Brown declines to pull ad mentioning Ted Kennedy
BOSTON—Massachusetts Sen. Scott Brown said Monday he would not be pressured by the late Sen. Edward Kennedy's family to stop running a radio ad claiming that Kennedy's position was similar to Brown's in the fight over whether employers should be required to provide birth control coverage or other procedures they oppose on religious or moral grounds.
Kennedy's son, former U.S. Rep. Patrick Kennedy, has issued an open letter to the Republican senator asking him to pull the ad claiming that the elder Kennedy supported religious exemptions for employers and health insurers, as Brown does.
Brown said Monday he wouldn't do that. He said he was "confused" by Patrick Kennedy's letter because the Rhode Island Democrat appeared to share the same position as his father on the issue and in 1997 co-sponsored a similar bill when he was in Congress.
"I'm not going to pull the ad," Brown told reporters after attending a business roundtable discussion at Boston City Hall. "(The ad) says that I, like his father, have been fighting for a conscience exemption in health care. That's all the ad says."
Brown said the younger Kennedy appeared to share the same position as the father on the issue.
"He was the co-sponsor of a bill that says the same exact thing ... that based on moral convictions insurers do not have to provide those care and coverages," Brown said.
Patrick Kennedy did not return a message left with a spokesman Monday.
In the radio ad, Brown said he wanted to protect religious liberties by not forcing religious organizations to offer insurance coverage for practices that go against church teachings.
In his letter, Kennedy said his father agreed that health care providers, including doctors and hospitals, should be allowed a conscience exemption from performing any service that conflicted with their faith. But he said his father would have opposed the amendment Brown supports.
That amendment, proposed by Sen. Roy Blunt, R-Mo., would let health plans deny coverage for certain procedures if that coverage "is contrary to the religious beliefs or moral convictions of the sponsor, issuer, or other entity offering the plan."
"My father never would have supported this extreme legislation," Patrick Kennedy wrote. "You are entitled to your own opinions, of course, but I ask that, moving forward, you do not confuse my father's positions with your own."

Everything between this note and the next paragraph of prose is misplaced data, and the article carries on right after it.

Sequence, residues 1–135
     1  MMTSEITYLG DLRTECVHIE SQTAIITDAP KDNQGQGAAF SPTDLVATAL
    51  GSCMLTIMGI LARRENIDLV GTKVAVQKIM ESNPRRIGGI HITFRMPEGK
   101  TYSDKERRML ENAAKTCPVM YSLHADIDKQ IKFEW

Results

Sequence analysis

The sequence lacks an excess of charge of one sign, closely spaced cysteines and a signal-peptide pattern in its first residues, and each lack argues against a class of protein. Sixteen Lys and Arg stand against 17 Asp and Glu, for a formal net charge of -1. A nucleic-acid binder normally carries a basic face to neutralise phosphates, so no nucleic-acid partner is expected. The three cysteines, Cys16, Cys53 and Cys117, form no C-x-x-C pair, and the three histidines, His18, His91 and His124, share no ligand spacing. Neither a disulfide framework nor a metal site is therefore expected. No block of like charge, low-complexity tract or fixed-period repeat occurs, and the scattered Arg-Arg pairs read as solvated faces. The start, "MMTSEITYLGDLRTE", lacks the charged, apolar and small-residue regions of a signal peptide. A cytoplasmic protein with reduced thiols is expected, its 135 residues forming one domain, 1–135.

The White House has called the legislation "dangerous and wrong."
President Barack Obama has offered what he says is a compromise that would allow workers at religious institutions to get free contraception directly from health insurers.
A former aide to Edward Kennedy who was actively involved in writing the 1997 legislation -- which did not become law -- said it differed significantly from the Blunt amendment and that Kennedy never backed a conscience amendment for insurers. The aide, who requested anonymity because he did not want to appear to be taking sides in a political campaign, said the bill did not specify benefits that must be provided but included language that required doctors to tell patients what care would be in their best interest, even if their insurance would not cover it.
Brown won a 2010 special election for the seat held by Kennedy for nearly a half century until his death. Brown is up for re-election in November and his chief Democratic rival, Harvard Law School professor Elizabeth Warren, met with reporters Monday to again call on Brown to remove the radio ad.
"The family of the late Sen. Kennedy has asked Scott Brown to stop distorting the senator's record on health care coverage, and I think it is shameful that he refuses to do that," Warren said.
Warren said the so-called Blunt amendment would create a hole in health care coverage and could result in women being denied basic health care coverage.
"The conscience exemption in the Blunt amendment says any employer or health insurance company can deny preventative health care to any person for any reason," Warren said.
Warren launched her own radio ad last week in which she said the amendment could threaten women's access not only to contraception but other basic health services such as mammograms and maternity care.
Brown on Monday called such concerns "red herrings."
Warren said she hadn't spoken to Patrick Kennedy directly, but that her campaign had been in touch with former aides to Edward Kennedy who believed Brown was distorting the late senator's position.